Today's modern web browsers, as well as most current versions of adaptive technology, support multi-language documents. However, for the proper rendering of this web content to these technologies, the appropriate language(s) must be indicated (or declared) programmatically. This will allow, for example, screen-reading technologies to use the appropriate language files when reading aloud (i.e. allowing the computer voice to pronounce foreign words properly instead of reading them phonetically in English). Many, if not most, of these tools also support the capacity to change language modes in real time as required, provided they have been properly encoded.
There are numerous methods of making these declarations; the ultimate choice of method is dependent on the amount of foreign-language text on any given web document. From whole pages to paragraphs, quotations, phrases or individual words, each of these semantic constructs may be assigned the HTML "lang" attribute, which will state the specified language used. For example, a whole paragraph written in French would be marked:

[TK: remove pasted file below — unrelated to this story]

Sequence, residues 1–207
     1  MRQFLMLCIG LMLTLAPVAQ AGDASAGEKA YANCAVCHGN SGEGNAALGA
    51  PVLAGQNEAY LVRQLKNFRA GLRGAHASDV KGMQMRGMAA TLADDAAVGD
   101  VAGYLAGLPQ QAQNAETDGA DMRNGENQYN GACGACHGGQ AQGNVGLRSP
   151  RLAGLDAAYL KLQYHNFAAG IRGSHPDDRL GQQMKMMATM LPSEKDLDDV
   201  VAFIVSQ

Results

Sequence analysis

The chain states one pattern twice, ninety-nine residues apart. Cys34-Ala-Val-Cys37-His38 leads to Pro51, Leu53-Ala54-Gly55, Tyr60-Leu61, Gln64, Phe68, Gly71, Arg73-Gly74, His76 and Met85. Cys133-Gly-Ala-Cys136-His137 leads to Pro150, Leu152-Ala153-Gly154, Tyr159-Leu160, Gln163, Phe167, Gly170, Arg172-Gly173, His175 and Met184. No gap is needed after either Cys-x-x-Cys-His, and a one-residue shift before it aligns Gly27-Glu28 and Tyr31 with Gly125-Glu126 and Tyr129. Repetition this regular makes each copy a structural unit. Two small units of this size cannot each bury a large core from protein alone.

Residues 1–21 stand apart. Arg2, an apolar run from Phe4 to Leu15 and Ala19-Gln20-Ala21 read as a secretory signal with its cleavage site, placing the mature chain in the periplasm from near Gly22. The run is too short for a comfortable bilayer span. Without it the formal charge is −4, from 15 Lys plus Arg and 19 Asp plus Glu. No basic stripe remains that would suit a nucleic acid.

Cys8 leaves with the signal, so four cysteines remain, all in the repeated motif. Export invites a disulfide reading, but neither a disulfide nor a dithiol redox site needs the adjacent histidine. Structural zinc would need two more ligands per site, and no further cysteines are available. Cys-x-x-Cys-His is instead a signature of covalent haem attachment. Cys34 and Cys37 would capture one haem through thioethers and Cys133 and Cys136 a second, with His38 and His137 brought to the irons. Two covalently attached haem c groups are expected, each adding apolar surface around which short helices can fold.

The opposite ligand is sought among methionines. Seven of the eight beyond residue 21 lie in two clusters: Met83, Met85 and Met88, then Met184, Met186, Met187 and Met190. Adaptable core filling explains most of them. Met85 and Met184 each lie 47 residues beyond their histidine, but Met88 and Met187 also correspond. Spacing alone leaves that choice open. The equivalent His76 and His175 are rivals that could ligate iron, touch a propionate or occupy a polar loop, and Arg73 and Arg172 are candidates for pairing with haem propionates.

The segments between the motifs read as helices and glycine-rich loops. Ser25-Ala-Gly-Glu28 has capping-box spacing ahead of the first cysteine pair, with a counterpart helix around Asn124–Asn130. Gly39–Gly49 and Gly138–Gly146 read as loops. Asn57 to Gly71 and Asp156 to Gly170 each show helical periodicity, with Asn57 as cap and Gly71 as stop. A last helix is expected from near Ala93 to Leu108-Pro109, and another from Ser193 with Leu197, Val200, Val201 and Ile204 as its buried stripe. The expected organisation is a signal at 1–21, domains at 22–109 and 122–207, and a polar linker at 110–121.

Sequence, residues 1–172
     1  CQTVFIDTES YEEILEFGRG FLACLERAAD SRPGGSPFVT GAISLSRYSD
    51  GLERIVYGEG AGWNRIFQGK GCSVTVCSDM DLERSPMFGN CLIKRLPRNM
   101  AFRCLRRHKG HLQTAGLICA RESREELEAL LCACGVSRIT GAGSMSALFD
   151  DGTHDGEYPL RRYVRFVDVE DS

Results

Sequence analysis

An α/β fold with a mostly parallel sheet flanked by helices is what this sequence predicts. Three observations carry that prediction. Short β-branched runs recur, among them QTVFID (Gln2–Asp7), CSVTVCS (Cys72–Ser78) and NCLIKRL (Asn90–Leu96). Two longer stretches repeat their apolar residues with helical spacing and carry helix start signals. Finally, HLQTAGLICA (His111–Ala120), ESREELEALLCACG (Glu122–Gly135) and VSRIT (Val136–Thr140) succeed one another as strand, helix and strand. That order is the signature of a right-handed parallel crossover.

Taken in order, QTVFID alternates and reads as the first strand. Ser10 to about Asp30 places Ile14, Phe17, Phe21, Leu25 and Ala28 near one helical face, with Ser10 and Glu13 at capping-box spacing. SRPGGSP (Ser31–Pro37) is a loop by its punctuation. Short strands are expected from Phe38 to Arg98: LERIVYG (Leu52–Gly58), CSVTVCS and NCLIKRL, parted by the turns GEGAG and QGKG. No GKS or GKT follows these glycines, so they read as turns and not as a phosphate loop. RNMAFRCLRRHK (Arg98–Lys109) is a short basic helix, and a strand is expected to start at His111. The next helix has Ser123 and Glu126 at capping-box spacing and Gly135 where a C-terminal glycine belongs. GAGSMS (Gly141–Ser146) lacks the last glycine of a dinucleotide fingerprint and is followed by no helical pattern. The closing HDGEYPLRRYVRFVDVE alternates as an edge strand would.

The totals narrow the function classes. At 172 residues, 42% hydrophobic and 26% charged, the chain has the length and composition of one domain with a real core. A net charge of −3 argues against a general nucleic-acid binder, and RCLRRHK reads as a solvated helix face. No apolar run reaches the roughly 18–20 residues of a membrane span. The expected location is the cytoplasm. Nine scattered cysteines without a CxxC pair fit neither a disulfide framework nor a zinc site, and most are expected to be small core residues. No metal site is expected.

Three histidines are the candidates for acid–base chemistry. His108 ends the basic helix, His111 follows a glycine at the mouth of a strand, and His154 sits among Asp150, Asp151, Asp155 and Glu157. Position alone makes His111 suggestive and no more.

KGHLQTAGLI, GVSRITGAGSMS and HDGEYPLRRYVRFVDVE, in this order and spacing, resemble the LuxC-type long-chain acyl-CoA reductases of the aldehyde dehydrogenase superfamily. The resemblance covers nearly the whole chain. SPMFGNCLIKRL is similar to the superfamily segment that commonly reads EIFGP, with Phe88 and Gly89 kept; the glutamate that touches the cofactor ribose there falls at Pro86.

<p lang="fr">Dans les années 1960, on a créé les premiers outils d'apprentissage, et on a fait preuve d'une plus grande créativité dans la conception des films didactiques dont la portée a été élargie pour rejoindre les enfants en milieu scolaire.</p>
A sentence containing just a few foreign words would be marked:
"In English we say 'hello'. In French we say '<span lang="fr" >bonjour</span>'. In Spanish we say '<span lang="sp">hola</span>.
By default, the majority of documents on the Queens University web site are in English, and so the programmatic declaration will be achieved via the web templates being used, in the <meta> block, or via the web server headers, set by the machine administrators